While doctors and nurses get most of the attention when it comes to NHS patient care, we shouldn't overlook the important role played by administrative staff. As a recent report from The King's Fund highlights, admin work might not be seen as glamorous, but it's essential to ensuring patients receive the best care possible. Emerging research also suggests that admin plays an important role in shaping patients’ experience of care. In this blog post, we'll explore why admin staff are so important to the running of the NHS and how they contribute to patient care.
Coordination and communication
One of the key roles played by admin staff in the NHS is coordination and communication. They are responsible for ensuring that all the different departments, doctors, and nurses involved in a patient's care are working together effectively. This can involve scheduling appointments, arranging transfers between hospitals, or ensuring that key information is shared between teams. Admin staff are often the first point of contact for patients and their families, and they play a crucial role in making sure that everyone is kept up-to-date and informed throughout the course of treatment.
Reducing waiting lists
By coordinating patients through the treatment pathway, including booking appointments, contacting patients and maintaining trust systems, admin staff ensure that clinical capacity is proactively and efficiently used, reducing waiting list times.
Quality of care
Admin staff are crucial to patient care because they help to ensure the quality of care that patients receive. By taking care of administrative tasks such as booking appointments and processing referrals, admin staff free up doctors and nurses to focus on delivering care. This means that medical professionals can spend more time with patients, providing personalised care and building better relationships. Admin staff also help to monitor patient outcomes, ensuring that treatments are effective and that any issues are identified and addressed quickly.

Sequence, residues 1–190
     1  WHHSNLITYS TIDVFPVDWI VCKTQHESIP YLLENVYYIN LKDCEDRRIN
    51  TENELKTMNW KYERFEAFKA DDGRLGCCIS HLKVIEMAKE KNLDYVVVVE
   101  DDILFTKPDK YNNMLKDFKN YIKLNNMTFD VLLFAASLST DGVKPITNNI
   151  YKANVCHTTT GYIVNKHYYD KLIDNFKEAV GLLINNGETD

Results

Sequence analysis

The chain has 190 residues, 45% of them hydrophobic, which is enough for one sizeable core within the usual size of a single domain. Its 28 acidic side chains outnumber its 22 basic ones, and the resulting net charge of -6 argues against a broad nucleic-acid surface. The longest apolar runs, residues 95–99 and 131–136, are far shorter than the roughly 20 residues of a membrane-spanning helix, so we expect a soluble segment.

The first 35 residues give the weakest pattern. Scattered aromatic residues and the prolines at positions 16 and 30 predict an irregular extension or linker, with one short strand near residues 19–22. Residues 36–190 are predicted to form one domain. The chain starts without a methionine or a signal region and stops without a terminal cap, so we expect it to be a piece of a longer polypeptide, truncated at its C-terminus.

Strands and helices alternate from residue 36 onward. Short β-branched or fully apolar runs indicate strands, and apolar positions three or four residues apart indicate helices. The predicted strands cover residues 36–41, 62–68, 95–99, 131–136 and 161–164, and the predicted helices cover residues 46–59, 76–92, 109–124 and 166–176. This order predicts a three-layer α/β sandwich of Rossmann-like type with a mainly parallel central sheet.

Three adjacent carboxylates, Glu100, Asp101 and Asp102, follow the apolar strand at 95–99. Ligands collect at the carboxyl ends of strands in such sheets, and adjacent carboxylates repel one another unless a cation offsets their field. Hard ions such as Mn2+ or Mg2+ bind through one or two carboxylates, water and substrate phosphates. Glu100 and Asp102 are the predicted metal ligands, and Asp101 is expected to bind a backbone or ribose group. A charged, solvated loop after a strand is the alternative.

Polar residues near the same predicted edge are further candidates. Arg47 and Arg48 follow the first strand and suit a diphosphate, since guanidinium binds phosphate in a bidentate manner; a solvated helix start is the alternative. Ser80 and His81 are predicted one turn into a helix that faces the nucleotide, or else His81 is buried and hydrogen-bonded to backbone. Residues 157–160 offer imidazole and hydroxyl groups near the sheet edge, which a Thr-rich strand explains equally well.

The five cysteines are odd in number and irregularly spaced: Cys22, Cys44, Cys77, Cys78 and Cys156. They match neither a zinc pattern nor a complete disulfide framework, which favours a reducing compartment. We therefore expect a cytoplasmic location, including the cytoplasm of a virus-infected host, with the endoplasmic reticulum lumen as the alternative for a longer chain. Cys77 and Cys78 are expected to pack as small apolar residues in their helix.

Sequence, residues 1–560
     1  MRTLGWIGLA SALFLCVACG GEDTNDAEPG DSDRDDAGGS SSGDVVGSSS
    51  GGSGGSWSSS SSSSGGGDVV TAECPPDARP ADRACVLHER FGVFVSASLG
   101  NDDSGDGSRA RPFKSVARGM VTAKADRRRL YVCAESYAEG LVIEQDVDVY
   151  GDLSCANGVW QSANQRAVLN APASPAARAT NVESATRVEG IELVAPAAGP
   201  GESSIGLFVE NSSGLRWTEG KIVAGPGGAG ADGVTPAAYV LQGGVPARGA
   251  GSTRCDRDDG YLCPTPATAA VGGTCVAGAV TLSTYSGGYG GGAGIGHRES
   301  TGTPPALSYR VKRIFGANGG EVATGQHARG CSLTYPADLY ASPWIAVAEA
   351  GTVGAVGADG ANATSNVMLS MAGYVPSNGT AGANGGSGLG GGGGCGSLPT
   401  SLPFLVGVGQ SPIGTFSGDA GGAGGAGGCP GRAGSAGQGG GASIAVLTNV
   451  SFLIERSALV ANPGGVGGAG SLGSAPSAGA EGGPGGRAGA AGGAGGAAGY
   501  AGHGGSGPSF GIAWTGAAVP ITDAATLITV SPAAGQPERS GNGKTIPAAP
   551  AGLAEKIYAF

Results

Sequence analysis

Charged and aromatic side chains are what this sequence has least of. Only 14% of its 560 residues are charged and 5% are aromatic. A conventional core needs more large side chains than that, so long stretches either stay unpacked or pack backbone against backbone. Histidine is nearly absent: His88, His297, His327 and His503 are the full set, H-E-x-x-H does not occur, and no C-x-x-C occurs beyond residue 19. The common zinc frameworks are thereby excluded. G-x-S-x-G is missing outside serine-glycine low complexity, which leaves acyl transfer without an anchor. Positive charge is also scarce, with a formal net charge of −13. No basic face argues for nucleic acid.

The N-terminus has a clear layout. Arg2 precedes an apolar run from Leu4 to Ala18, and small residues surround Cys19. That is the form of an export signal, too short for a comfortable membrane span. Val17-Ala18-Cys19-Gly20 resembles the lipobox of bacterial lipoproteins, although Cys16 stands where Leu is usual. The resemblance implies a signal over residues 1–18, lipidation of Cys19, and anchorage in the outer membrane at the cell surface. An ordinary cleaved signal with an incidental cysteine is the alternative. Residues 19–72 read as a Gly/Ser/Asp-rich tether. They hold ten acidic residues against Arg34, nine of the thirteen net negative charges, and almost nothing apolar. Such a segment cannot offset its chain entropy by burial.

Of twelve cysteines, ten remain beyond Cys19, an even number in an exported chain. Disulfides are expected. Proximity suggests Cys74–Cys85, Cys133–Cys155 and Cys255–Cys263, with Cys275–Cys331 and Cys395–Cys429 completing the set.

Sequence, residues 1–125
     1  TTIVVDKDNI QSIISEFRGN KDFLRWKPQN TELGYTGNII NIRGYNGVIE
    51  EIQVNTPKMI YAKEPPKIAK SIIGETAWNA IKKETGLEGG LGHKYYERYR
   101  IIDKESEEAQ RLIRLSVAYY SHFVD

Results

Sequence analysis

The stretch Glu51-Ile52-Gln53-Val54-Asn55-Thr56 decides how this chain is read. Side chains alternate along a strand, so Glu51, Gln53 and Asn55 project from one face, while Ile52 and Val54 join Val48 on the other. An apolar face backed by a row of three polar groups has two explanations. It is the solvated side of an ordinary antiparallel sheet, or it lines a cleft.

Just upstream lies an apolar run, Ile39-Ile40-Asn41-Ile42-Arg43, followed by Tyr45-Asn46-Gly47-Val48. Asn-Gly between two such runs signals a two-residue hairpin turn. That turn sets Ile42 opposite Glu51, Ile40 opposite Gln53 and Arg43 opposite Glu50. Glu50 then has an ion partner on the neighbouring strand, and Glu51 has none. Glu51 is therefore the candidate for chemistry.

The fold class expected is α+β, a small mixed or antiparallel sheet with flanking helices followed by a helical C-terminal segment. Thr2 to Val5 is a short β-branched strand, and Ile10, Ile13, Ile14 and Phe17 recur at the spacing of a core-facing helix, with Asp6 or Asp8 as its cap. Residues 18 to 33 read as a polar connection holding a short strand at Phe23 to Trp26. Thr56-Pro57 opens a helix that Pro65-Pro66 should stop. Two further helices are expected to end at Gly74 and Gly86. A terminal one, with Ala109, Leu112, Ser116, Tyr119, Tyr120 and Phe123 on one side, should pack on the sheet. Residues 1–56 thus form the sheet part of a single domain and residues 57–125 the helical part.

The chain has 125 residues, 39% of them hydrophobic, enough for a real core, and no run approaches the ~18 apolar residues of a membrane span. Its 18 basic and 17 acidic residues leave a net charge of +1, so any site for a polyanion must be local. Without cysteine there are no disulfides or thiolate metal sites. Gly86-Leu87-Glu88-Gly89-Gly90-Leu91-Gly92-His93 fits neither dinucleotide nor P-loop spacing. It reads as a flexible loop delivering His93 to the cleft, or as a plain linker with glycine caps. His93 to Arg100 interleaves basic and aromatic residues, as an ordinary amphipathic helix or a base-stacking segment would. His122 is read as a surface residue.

Empathy and support
While admin staff don't provide direct medical care to patients, they still play a key role in supporting patients and their families. Sometimes patients can feel overwhelmed by the complexity of navigating the NHS, and admin staff are often the first people they turn to for help and advice. Admin staff are trained to listen to patients' concerns and to provide empathy and support, helping to alleviate stress and anxiety. This can be particularly important for vulnerable patients, such as those with mental health issues or learning disabilities.
Innovation and improvement
Admin staff are crucial to driving innovation and improvement within the NHS. Through their day-to-day work, they are in a unique position to identify areas where processes can be streamlined or improved. By working closely with medical professionals, they can provide valuable insights into how care can be made more efficient and effective. Furthermore, admin staff can help to develop new initiatives and programmes designed to improve patient care, such as digital systems to streamline administrative tasks or new appointment booking processes.
Supporting staff wellbeing
It's worth noting that admin staff play an important role in supporting the wellbeing of other NHS staff as well as patients. By taking care of administrative tasks, they help to reduce administrative burden and allow doctors and nurses to focus on delivering care. They also provide support and advice to other staff members, helping to build a sense of teamwork and community within the healthcare system.
Admin staff might not always get the recognition they deserve, but they play an essential role in patient care within the NHS. From coordinating care to providing empathy and support, they are an integral part of the system. As we move forward and look to improve patient outcomes and experiences, it's vital that we recognise the contributions made by admin staff and continue to support and invest in their work. By doing so, we can ensure that patients receive the highest quality care possible.
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